Today I am interviewing Alex Lamb, author of the new science-fiction novel, Nemesis, second book in the Roboteer trilogy.
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DJ: Hey Alex! Thanks for coming back for another interview!
For readers who aren’t familiar with you (or missed out on your previous interview) , could you tell us a little about yourself?
Alex Lamb: Sure. Well, I’m a dad. I live in Santa Cruz, CA, and I was born in Oxford, England. I’ve had a slightly unusual career that’s involved me doing a bunch of different things. Writing computer software to pay the bills and writing novels for joy have been two constants. Besides that, I’ve been an improv instructor, a communication skills trainer, and a sort of semi-pro simulation scientist working in everything from quantum gravity research, to evolutionary biology, to economics.
Alex: It’s primarily about a young guy called Mark who’s basically the estranged protégé of Will Kuno-Monet, the hero from the first book. Life hasn’t been easy for him. A lot of the projects that Will started after the end of Roboteer haven’t panned out well, including his plan to launch a new breed of super-high-functioning roboteers, of which Mark is one. Mark has a lot of edgy tech in his body that he’s not allowed to talk about and by this point a pretty bitter relationship with both Will and the government that helped create him.
About thirty years have passed since the war in the first book, and society as reached another turning point. War is on the brink of breaking out again. And into this volatile mix comes word of a violent attack on a politically sensitive outpost that may or may not be due to aliens.
Will draws Mark into the mission to investigate. Things go wildly south. Adventure ensues that involves high-speed space battles, giant fighting robots, ultra-advanced alien technology, mysterious ruins, secret plots, and looming threats to the human race.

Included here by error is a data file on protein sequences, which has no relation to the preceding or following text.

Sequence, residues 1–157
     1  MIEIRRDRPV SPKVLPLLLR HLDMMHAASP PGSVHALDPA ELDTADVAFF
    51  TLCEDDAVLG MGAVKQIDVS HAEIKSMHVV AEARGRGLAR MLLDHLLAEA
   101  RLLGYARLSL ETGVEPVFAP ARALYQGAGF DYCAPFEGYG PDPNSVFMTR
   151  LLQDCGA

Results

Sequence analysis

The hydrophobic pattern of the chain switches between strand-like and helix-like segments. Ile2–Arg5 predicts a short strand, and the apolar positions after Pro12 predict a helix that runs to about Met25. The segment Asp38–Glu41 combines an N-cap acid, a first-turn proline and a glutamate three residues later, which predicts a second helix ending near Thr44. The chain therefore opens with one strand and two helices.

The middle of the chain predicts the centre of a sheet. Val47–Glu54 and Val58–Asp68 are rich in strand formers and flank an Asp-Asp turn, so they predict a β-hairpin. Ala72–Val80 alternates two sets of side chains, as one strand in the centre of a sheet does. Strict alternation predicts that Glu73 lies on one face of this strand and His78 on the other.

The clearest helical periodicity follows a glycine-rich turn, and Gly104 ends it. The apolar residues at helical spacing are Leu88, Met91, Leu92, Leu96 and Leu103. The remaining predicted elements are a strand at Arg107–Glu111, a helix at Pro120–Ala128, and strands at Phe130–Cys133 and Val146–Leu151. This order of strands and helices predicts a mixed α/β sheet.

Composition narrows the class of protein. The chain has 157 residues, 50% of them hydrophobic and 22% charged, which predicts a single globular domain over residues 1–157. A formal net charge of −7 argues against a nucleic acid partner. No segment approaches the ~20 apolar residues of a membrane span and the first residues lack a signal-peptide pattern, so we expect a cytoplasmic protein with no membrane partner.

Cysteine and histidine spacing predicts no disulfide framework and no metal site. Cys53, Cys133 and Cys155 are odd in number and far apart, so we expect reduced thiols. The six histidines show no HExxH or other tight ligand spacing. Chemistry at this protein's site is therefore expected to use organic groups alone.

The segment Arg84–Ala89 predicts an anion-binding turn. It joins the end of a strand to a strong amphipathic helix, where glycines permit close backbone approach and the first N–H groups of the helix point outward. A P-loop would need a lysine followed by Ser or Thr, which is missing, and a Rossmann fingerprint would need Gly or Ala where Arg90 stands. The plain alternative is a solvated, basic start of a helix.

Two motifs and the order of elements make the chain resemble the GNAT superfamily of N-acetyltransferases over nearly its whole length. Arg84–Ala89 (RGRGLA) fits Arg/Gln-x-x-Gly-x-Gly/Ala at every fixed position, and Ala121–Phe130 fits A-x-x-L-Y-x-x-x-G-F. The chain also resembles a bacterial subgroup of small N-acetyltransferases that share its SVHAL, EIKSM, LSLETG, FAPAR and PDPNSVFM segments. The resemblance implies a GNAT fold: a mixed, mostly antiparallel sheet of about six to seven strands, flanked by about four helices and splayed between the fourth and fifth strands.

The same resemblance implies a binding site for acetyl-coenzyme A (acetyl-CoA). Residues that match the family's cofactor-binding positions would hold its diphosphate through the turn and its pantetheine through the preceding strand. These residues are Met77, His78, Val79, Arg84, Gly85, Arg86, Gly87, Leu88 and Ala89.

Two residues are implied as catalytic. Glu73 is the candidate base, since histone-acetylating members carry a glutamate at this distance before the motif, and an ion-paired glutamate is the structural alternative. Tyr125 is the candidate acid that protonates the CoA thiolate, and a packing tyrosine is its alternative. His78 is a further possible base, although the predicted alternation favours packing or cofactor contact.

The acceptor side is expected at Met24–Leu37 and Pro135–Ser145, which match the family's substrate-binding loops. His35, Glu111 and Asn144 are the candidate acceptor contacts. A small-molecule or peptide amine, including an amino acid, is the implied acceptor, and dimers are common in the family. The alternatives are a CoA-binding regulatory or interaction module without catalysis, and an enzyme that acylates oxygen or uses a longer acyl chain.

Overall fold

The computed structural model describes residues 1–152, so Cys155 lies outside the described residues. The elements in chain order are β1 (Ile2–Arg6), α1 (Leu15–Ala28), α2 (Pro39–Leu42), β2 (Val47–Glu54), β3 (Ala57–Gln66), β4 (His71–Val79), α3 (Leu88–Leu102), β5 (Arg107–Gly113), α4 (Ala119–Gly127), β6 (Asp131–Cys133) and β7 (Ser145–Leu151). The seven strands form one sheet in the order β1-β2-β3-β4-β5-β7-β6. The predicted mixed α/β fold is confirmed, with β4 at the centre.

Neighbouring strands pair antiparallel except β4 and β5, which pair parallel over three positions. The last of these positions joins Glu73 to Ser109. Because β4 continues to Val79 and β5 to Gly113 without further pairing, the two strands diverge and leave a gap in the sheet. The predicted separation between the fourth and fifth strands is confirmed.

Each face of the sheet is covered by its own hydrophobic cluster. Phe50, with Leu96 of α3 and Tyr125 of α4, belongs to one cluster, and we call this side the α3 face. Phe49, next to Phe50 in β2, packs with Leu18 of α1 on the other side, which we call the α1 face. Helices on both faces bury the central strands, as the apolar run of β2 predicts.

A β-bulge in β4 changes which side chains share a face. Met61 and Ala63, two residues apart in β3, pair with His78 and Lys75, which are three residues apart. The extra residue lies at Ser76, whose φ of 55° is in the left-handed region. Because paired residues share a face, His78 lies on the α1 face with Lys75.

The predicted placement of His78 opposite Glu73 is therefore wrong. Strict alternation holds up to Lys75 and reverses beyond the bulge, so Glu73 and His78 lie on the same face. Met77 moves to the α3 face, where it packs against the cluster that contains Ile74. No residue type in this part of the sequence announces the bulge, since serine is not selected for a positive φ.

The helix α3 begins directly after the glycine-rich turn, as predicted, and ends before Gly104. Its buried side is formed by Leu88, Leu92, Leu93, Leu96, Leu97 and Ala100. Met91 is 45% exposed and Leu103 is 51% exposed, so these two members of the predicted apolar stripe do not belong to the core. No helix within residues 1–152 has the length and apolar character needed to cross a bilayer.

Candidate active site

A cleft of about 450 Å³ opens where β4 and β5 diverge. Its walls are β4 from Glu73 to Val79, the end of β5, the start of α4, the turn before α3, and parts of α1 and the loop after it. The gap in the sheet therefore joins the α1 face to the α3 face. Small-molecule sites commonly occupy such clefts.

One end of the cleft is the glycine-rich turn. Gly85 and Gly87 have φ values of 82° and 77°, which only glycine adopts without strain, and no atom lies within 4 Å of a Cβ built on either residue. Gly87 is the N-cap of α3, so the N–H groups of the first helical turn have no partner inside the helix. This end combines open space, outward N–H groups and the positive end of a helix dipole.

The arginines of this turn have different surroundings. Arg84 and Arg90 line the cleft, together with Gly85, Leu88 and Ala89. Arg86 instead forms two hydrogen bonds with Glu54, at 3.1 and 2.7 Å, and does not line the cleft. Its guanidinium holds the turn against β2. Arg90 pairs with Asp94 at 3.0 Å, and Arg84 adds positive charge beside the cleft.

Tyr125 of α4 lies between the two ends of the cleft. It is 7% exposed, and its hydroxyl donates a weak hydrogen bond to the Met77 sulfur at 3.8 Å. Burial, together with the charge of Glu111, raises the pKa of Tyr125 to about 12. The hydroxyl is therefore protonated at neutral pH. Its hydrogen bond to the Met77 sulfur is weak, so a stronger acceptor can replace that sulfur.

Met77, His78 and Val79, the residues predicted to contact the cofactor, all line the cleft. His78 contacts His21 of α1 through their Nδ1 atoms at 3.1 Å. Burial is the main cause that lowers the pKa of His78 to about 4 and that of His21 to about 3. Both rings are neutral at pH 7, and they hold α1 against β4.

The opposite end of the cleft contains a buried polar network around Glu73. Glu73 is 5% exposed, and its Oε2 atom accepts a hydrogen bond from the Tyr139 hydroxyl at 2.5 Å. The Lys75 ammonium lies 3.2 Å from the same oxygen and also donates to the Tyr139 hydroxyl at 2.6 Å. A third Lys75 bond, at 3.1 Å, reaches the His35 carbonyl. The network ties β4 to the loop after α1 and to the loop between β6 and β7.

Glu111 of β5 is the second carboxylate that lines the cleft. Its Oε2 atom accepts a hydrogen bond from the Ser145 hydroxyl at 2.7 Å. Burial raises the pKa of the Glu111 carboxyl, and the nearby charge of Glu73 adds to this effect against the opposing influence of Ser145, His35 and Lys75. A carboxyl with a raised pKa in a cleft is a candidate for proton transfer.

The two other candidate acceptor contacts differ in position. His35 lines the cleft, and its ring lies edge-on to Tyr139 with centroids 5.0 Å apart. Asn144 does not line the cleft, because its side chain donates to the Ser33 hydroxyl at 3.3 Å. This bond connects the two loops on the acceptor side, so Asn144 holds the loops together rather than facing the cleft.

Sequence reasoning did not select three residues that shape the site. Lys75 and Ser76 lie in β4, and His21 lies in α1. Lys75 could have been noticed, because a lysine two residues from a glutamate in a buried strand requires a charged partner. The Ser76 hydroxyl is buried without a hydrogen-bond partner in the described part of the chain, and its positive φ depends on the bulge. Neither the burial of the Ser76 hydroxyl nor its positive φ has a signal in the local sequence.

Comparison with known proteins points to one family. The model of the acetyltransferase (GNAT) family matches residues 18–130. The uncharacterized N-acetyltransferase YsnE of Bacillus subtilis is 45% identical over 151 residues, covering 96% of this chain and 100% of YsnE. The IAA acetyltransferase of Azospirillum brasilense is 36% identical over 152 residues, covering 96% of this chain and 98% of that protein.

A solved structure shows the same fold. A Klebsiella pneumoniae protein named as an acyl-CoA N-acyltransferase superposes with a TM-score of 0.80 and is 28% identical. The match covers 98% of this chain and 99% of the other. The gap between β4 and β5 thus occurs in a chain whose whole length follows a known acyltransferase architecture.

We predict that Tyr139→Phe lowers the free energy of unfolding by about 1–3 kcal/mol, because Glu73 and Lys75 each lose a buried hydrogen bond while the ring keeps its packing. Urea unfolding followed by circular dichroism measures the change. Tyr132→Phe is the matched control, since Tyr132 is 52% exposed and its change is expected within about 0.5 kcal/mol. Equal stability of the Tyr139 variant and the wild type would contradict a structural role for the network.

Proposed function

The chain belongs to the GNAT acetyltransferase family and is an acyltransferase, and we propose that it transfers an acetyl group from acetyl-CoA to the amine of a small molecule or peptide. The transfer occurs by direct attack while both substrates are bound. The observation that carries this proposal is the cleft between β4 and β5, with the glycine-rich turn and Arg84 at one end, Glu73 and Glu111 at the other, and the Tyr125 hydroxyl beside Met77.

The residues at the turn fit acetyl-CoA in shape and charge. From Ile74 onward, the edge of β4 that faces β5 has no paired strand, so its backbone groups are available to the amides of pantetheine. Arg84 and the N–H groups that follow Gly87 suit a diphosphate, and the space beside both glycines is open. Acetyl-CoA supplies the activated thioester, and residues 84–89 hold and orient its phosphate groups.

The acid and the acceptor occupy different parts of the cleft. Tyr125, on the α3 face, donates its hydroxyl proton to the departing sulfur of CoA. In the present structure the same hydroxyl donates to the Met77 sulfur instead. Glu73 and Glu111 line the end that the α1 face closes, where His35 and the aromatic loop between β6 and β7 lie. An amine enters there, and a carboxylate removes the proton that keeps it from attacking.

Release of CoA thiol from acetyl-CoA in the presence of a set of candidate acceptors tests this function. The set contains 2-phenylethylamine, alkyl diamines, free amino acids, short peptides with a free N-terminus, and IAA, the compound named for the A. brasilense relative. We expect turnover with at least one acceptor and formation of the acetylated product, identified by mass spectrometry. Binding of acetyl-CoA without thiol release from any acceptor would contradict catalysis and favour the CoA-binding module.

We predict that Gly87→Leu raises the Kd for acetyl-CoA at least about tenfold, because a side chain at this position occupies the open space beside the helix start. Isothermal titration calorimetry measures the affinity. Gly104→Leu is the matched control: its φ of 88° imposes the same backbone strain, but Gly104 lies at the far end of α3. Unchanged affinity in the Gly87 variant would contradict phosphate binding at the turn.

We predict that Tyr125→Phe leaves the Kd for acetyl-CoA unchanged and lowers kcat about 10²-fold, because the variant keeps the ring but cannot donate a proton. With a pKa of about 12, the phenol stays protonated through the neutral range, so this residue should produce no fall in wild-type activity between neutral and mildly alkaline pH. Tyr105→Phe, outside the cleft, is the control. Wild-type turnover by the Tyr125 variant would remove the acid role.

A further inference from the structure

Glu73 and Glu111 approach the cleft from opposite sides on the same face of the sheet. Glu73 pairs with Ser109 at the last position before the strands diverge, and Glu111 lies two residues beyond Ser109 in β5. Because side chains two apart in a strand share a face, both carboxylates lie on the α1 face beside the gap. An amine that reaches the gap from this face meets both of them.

DJ: What were some of your influences for Nemesis and the Roboteer trilogy?
Alex: There are too many to name. I was a science fiction junkie from about the time I could talk. However, a few that people might recognize in the writing are Peter F. Hamilton, Iain Banks, Philip K. Dick, Frank Herbert, Orson Scott Card, Neal Stevenson, Isaac Asimov, Alasdair Reynolds, Stanislaw Lem… I could go on.
DJ: Could you briefly tell us a little about your main characters? Do they have any cool quirks or habits, or any reason why readers with sympathize with them?
Alex: Mark is the brooding type. Sweary. Hard-drinking. Prone to pointed remarks. He has a bunch of complicated daddy-issues, which is understandable given that his genetic half-father is a living god composed of alien nanotechnology who’s more than a little distracted by having responsibility for the security of the entire human race. It doesn’t help that the closest thing he ever had to a real mother has been left for dead in space in a place he can’t get to. He’s also the best starship pilot in the human race and filled with more combat enhancement technology than most people know exists.
Then there’s Will, who at this point is an almost indestructible super-being who can move faster than people see, heals in seconds, and can control robots with his mind. He also has ownership of the most powerful battle-cruiser in human space: a starship with the power to obliterate worlds and vaporize entire fleets. The problem is, his job is to play politics and be nice to people he doesn’t like, which he’s neither good at nor enjoys. After thirty years of that, he’s on a hair-trigger and ready to deliver some damage to whoever looks at him the wrong way.
There’s also Ann Ludik, a coldly brilliant starship captain, policewoman, and occasional undercover agent. She’s a champion of the law, but has been drawn into a shadowy plot to secure the survival of civilization. She’s deeply conflicted by the role finds herself playing and ends up influencing the trajectories of both Mark and Will. Along the way, she discovers more than she ever bargained for.
DJ: What is the world and setting of the Roboteer trilogy like?
Alex: Nemesis plays out against an interstellar human civilization that’s never properly healed in the wake of its last conflict. The under-populated but technologically superior colonies are at odds with the vastly over-populated and slowly dying Earth. What they’re squabbling over is a vast swathe of stars at the edge of the human domain accessible via a single warp-bridge.